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House Panel Passes Bipartisan Measure to Improve Endangered Species Act

Resources Committee approves HR 3824; legislation includes key provisions strengthening science, establishing priorities, protecting private property rights

WASHINGTON, DC - Bipartisan efforts to strengthen and update the 32-year-old Endangered Species Act (ESA) took a stride forward today as the House Resources Committee approved H.R. 3824, the Threatened and Endangered Species Recovery Act of 2005 (TESRA), legislation co-sponsored by Congressman Greg Walden (R-OR).  TESRA calls for common-sense changes to the ESA to improve its overall implementation, which has seen a recovery rate of less than one percent and not been significantly updated since its enactment in 1973. 

"I cannot stress how important these changes are to the success of the Endangered Species Act, for the protection of both species and communities," said Walden.  "We have a responsibility to update this law, making changes that will shed light on the process, hold the federal government accountable for its actions and financial expenditures, protect private property rights, encourage a cooperative relationship with states and local governments and, most importantly, ensure that faulty decisions do not lead to disaster for all species-humans included."

Earlier this week, Walden joined Committee Chairman Richard Pombo (R-CA), lead sponsor of HR 3824, and co-sponsor Congressman Dennis Cardoza (D-CA) for a national announcement of the bill's introduction in Sacramento, California.  Walden then traveled to Klamath Falls, Oregon, for a regional announcement and rally in support of the legislation.  Both Walden and Chairman Pombo have stated that the Klamath Basin is "Ground Zero" in the fight to improve the ESA. 

During today's eight-hour mark up, Walden reiterated the need for peer review of decisions made by the federal government when considering data and science presented for their consideration.  He cited the crisis that ensued following the water shut off to Klamath Basin farmers and ranchers in 2001, a decision which the National Academy of Sciences determined as lacking "substantial scientific support" and of "doubtful utility" when they conducted their independent review.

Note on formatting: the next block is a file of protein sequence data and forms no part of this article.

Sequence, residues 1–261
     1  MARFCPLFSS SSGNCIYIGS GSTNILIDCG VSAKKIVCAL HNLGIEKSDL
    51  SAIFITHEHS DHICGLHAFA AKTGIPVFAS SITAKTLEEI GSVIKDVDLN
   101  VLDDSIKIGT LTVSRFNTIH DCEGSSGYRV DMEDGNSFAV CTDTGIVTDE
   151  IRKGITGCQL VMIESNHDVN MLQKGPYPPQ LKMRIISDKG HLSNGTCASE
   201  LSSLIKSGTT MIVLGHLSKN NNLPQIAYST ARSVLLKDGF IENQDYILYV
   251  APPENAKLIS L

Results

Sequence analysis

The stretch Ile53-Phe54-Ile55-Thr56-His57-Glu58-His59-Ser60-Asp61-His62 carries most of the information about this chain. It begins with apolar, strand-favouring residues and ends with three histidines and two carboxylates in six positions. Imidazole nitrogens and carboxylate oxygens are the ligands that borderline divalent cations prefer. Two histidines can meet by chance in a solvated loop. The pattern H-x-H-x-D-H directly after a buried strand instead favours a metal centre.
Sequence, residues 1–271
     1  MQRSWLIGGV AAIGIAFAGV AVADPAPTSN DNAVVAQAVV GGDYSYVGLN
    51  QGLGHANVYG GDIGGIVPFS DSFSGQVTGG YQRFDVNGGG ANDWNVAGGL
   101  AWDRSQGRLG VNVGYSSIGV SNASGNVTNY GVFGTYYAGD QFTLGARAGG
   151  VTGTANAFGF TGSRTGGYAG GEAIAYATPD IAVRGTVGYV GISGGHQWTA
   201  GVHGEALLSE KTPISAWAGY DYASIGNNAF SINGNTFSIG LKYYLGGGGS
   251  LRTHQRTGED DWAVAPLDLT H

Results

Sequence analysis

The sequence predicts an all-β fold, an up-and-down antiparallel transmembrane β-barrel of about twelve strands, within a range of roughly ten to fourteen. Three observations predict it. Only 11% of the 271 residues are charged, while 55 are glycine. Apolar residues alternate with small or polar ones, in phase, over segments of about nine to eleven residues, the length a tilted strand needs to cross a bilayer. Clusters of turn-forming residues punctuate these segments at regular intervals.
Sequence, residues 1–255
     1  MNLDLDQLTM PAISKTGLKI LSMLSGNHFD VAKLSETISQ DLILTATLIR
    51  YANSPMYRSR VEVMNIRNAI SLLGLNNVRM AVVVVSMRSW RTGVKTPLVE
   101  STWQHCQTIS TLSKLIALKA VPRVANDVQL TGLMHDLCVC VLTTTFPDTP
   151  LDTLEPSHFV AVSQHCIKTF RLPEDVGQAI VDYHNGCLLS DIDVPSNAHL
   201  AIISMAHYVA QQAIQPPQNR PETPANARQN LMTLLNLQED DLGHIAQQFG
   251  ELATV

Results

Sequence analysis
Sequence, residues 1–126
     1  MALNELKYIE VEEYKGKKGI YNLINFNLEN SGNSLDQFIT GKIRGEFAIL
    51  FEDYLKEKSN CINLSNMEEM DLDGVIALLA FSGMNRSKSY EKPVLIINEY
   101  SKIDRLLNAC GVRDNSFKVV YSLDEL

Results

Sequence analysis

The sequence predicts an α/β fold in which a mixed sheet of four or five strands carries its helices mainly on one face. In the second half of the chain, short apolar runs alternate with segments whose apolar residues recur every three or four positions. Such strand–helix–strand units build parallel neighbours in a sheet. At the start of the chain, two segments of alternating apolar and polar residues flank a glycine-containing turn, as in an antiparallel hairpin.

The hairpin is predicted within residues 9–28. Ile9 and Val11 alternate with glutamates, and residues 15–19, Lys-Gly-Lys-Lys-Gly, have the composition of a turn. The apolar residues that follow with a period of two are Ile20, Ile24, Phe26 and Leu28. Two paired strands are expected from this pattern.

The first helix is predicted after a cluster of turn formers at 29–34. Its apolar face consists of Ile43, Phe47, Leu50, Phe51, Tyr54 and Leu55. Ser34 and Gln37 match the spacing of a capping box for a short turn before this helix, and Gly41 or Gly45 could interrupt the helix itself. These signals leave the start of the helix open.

"We want to make sure that the decisions we are making that affect species and those who live in communities around these species are based on data that can withstand the rigors of the scientific community when peer reviewed," said Walden to his colleagues on the Committee.  "I saw the disaster in the Klamath Basin where 1,200 farm families had their water cut off.  It wasn't until after those decisions had been implemented that we were able to get the independent peer review that is called for in this language [H.R. 3824]."

The final vote in the Committee was 26-12; H.R. 3824 will now proceed to the full House for its consideration.  Fore more information on H.R. 3824, please visit www.walden.house.gov and select "Strengthening the ESA" on the left-hand menu.

Walden, 48, has represented the people of Oregon's 2nd District since 1999.  He chairs the Resources Subcommittee on Forests and Forest Health.





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